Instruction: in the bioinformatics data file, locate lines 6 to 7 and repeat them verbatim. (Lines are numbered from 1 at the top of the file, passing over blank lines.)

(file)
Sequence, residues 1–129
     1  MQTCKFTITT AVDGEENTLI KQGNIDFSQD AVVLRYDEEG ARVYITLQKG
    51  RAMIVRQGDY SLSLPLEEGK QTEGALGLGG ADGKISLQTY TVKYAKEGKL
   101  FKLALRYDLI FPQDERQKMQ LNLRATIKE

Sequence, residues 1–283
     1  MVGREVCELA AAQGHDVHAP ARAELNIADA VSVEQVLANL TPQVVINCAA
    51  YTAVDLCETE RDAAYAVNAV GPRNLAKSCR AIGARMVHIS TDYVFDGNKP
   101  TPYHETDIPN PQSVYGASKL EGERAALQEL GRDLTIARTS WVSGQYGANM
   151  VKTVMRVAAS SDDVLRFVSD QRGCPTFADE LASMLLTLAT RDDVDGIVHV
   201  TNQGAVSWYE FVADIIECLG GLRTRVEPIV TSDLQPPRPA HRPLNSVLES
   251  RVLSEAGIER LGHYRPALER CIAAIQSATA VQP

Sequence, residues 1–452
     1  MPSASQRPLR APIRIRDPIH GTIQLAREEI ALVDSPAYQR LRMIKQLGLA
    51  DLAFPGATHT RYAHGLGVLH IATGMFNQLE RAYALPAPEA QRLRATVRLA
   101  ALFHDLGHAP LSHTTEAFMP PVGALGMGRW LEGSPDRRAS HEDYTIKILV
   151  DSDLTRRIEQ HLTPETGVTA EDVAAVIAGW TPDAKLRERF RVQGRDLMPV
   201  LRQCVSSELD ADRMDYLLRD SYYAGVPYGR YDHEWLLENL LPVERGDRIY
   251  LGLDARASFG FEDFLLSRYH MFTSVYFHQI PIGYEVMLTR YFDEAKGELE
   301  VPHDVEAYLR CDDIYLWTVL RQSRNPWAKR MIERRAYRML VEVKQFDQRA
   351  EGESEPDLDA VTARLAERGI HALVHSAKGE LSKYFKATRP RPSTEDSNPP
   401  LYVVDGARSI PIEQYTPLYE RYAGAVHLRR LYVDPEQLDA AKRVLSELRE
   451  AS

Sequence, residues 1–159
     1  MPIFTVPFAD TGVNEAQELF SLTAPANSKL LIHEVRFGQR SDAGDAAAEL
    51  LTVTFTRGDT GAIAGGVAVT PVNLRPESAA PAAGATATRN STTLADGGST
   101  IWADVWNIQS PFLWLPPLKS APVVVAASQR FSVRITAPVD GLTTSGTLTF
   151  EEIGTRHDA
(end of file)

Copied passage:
     1  MVGREVCELA AAQGHDVHAP ARAELNIADA VSVEQVLANL TPQVVINCAA
    51  YTAVDLCETE RDAAYAVNAV GPRNLAKSCR AIGARMVHIS TDYVFDGNKP